Skin Bank at PHRC yet to be Fully Operational
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01 June 2010
By Umesh Isalkar
It is six months now, but the city’s first skin bank launched at the Poona Hospital and Research Centre (PHRC) is yet to become fully operational. This skin bank is supposed to help burn patients get natural skin grafts and preserve skins of deceased donors for long–term use.
Plastic surgeon Shrirang Pandit, in–charge of the skin bank at PHRC, said, “The skin bank is not entirely defunct. It does have short–term storage capacity and we use the facility to treat patients with burns and wounds on a day–today basis. However, long–term storage facility to preserve skin for periods of four years is not there in place. Also, lack of skin donors has been an impediment for the facility to take off in full capacity.”
Facilitated by the National Burn Centre (NBC), Mumbai, the skin bank was set up by the Rotary Club of Khadki in association with the Poona hospital on November 23, 2009. “It will be some time before the skin bank is operational to its full capacity. For now, it has a cooling and storage system and skin grafting knife. A donated skin can be initially preserved for a few weeks,” said Pandit.
Arun Jamkar, dean, Sassoon general hospital, said, “The facility will create awareness about skin donation and ultimately help burn patients get timely treatment.” The Sassoon hospital has also proposed for a skin bank at its burn unit.
He said, “The NBC, in collaboration with Rotary, will in the near future start a skin bank at our burn unit. The NBC will also extend technical know–how and training support to the skin bank at Sassoon.”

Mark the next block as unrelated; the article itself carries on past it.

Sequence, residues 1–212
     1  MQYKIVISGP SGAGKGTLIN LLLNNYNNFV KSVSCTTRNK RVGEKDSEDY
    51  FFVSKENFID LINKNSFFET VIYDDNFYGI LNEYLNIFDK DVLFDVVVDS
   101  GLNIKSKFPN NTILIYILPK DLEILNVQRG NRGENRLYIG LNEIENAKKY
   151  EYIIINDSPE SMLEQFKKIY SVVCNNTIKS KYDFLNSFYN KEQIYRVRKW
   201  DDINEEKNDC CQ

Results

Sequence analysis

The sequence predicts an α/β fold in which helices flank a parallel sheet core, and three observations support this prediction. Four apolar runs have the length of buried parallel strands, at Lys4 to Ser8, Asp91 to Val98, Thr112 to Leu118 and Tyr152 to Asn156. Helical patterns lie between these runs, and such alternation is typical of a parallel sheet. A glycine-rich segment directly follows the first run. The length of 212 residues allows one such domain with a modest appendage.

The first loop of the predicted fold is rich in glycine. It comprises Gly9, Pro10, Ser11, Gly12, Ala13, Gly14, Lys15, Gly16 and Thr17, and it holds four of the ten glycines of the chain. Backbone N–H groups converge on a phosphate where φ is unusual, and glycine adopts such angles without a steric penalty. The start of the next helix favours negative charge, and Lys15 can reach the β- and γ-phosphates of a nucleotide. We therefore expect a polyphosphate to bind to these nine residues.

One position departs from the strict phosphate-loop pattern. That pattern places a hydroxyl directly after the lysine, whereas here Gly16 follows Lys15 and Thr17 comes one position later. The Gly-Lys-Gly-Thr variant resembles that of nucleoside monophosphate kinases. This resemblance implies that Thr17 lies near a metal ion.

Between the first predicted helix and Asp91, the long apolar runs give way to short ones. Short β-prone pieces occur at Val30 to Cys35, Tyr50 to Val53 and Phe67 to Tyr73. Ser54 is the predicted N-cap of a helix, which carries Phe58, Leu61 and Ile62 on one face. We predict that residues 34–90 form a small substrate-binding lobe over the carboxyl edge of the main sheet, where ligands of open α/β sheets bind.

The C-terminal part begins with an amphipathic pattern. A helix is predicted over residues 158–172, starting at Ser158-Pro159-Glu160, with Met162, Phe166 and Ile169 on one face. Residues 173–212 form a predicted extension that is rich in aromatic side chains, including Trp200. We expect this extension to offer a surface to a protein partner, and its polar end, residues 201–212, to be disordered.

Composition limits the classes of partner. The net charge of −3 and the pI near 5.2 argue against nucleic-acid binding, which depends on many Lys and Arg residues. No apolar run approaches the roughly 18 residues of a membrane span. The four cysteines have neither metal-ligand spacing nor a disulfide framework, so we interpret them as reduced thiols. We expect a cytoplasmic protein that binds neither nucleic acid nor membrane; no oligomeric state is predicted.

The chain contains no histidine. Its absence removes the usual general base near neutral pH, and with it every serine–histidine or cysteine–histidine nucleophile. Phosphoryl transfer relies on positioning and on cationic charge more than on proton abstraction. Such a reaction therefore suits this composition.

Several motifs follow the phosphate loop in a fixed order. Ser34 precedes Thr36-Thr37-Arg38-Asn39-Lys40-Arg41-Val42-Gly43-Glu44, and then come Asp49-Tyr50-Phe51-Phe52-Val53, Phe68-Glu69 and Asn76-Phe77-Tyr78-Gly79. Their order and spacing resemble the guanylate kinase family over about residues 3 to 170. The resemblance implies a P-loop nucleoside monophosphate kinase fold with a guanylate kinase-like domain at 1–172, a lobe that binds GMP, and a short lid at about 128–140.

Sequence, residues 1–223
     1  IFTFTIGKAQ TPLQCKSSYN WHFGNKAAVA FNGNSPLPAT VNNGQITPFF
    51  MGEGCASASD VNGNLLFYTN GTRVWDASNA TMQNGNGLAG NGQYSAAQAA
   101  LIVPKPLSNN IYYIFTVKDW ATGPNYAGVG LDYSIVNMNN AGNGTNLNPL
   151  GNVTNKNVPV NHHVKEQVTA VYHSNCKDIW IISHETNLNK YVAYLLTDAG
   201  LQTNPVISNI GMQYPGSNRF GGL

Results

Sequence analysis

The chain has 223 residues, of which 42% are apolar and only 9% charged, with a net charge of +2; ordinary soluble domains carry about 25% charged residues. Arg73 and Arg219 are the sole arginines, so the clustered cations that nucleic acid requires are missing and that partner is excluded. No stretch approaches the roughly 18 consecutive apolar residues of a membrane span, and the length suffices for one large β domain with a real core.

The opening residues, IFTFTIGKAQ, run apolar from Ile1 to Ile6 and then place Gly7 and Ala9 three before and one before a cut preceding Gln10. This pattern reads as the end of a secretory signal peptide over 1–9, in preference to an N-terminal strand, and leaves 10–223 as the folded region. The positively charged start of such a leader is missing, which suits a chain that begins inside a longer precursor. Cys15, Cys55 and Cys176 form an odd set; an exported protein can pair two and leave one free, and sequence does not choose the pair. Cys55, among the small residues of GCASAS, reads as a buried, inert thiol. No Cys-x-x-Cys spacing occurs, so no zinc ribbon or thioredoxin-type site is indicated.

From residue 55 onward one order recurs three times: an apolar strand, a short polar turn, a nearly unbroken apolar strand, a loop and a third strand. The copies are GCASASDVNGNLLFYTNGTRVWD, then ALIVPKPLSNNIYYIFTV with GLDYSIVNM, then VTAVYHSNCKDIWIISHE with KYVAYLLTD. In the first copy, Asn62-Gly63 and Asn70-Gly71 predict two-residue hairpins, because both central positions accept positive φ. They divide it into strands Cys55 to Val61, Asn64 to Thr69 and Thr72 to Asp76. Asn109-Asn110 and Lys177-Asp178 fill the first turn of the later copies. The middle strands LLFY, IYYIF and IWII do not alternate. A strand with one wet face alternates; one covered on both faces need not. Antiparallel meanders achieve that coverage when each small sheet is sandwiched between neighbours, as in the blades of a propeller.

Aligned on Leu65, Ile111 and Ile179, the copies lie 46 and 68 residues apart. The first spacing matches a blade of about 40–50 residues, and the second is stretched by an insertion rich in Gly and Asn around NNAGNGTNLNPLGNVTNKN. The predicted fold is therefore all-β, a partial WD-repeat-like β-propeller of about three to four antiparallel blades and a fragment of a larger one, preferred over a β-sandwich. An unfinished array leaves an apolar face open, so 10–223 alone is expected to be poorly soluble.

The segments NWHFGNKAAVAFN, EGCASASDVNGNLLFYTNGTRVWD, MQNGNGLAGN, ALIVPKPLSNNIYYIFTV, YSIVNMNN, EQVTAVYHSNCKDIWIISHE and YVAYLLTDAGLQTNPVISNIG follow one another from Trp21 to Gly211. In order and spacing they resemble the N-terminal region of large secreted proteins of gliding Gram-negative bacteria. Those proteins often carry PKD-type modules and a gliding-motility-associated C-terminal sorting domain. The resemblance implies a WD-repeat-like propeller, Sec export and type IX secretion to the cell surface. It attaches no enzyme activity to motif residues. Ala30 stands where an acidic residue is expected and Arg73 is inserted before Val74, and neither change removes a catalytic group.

Confirming this, cosmetic surgeon Sunil Keswani, who is also an acting medical director of the NBC, said, “We are planning to start a skin bank at the Sassoon hospital. But, before that, we want the skin bank at the PHRC to become fully functional.”
Explaining the need for more skin donors, Pandit said, “Skin taken from deceased donors helps save lives of burn victims, but the general awareness is so low that doctors are forced to resort to costlier and tedious procedures.”
“In skin grafting, one does not need to match tissue types of the donor and the recipient. Any individual’s skin can be grafted onto anyone. The graft is only a temporary barrier that protects the patient from fatal infections; eventually the patient’s own skin regenerates,” said Keswani.
Since skin grafts are expensive and it is difficult to procure skin from living donors, skin from dead bodies are easier to use. Skin obtained from bodies within 12 hours of death can be preserved in the skin bank, added Keswani.